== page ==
Note: Jeff Murray and I posted at Christmas in 2014–I thought it would be fun to dig it out of the archives once again. Enjoy!
I am 8 years old. Some of my little friends say there is no shortwave. Uncle DX Dash! says, “If you see it on the SWLing Post, it’s so.” Please tell me the truth, is there a shortwave?
Virginia E. Layer
330 Independence Ave., S.W.
Virginia, your little friends are wrong. They have been affected by the skepticism of a digital age. They do not believe what can’t be heard or seen on their smart phone. They think that nothing can be which is not comprehensible by Google. They seek credit cards, not QSL cards.
Yes, Virginia, there is a shortwave. It exists as certainly as sound and circuits and tubes exist, and you know that these abound and give to your life its highest beauty and joy. Alas! how dreary would be the world if there were no shortwave! It would be as dreary as if there were no Virginias. There would be no heterodynes, no band openings, no propagation to make tolerable this existence. It would be a world without London Calling.
Not believe in shortwave! You might as well not believe in the ionosphere. You might get your papa to hire men to listen to all of the wi-fi radios of the world, but even if you did not hear shortwave, what would that prove? The most real things in the world are those that neither children nor men can see. Did you ever see ground waves dancing on the lawn? Of course not, but that’s no proof that they are not there. Nobody can casually conceive or imagine all the wonders there are heard and unheard in the listening world. For that, you must wear headphones.
No shortwave! Thank goodness! It lives, and lives forever. A thousand years from now, Virginia, nay 10 times 10,000 years from now, shortwave will continue to make glad the hearts of listeners.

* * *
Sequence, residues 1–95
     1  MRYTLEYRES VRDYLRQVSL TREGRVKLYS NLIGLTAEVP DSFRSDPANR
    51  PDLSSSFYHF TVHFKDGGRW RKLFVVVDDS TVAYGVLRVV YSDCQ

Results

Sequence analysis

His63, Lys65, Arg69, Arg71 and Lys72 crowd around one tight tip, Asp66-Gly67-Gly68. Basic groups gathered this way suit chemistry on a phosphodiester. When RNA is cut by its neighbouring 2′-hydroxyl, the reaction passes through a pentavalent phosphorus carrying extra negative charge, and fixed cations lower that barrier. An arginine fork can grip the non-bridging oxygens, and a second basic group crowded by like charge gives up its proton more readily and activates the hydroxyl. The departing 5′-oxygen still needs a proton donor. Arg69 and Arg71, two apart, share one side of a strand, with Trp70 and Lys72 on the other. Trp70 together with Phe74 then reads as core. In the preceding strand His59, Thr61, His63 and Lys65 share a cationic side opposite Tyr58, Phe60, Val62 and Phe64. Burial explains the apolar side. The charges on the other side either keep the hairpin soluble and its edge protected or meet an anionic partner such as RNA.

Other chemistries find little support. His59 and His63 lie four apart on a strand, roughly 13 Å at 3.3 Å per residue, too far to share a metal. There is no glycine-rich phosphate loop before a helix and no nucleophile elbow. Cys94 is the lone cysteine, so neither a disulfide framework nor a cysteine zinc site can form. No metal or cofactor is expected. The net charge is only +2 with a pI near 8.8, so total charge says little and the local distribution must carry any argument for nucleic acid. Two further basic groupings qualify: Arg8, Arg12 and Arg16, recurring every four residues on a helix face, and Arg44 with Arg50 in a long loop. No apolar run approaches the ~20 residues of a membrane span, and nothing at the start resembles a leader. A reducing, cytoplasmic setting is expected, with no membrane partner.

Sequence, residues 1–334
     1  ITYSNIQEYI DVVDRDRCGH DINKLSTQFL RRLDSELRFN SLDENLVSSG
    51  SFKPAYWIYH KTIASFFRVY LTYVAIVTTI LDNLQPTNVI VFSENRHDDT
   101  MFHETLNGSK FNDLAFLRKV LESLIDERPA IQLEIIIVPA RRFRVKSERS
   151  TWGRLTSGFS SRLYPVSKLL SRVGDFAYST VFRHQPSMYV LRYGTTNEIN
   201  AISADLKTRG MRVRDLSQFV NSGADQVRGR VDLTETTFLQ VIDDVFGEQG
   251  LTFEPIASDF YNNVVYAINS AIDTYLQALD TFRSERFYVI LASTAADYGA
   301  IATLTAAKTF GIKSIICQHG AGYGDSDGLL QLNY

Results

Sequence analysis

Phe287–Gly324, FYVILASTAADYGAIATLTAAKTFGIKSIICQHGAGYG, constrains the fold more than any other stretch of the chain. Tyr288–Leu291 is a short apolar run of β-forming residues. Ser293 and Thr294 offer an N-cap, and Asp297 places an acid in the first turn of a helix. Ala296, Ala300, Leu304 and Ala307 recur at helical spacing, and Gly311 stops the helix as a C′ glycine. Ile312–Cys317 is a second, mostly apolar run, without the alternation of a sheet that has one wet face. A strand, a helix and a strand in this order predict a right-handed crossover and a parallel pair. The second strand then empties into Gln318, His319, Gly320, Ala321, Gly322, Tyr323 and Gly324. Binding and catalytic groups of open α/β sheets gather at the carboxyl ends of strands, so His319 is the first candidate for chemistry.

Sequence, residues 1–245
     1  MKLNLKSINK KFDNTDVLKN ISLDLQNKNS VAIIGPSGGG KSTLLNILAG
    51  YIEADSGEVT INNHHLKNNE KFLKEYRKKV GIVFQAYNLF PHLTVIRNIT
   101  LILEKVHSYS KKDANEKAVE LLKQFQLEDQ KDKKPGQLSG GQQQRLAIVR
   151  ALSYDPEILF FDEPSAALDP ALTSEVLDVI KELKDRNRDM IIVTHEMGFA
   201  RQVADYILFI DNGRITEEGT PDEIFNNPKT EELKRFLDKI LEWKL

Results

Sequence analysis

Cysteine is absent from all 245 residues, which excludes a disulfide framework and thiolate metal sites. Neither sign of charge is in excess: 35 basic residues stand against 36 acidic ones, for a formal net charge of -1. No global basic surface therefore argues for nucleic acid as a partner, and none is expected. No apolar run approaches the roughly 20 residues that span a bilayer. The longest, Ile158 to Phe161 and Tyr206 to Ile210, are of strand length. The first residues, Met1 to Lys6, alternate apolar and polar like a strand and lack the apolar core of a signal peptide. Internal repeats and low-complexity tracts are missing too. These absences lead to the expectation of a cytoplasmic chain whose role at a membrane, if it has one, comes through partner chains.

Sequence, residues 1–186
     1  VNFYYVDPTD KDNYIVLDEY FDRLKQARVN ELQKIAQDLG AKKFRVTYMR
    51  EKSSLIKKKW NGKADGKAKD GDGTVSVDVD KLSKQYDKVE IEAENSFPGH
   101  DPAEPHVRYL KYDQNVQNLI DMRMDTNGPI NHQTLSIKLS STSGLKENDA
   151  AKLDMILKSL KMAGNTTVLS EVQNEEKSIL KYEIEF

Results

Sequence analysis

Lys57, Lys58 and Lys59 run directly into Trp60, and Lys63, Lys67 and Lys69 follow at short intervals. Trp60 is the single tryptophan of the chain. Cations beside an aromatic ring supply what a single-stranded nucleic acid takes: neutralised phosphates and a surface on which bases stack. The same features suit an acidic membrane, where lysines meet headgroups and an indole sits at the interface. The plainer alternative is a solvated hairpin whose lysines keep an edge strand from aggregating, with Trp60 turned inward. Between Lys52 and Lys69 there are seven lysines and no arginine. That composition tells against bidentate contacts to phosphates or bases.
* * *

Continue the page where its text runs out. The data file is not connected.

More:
Happy Holidays from your friends at Dashtoons and the SWLing Post!
With apologies to The New York Sun. Our tongue-in-cheek editorial borrows from the timeless classic, “Is There a Santa Claus?” printed in the September 21, 1897, issue of The New York Sun. Click here to read the original.
An update to this story, not only is short wave continuing, there is now an additional version which is digital. It is called DRM. It too is reflected from the ionosphere and instead of looking like a planet in the sky it, it twinkles on and off like a star.
DRM sounds as good as all of those other new fangled methods of communication, and it can show pictures of Santa’s travels, lists of locations of how many presents have been delivered, maps of where his sleigh is travelling along with travel alerts so that drivers can avoid having a collision.
The future looks bright so sleep tight, so that hopefully Santa can bring a DRM radio to you.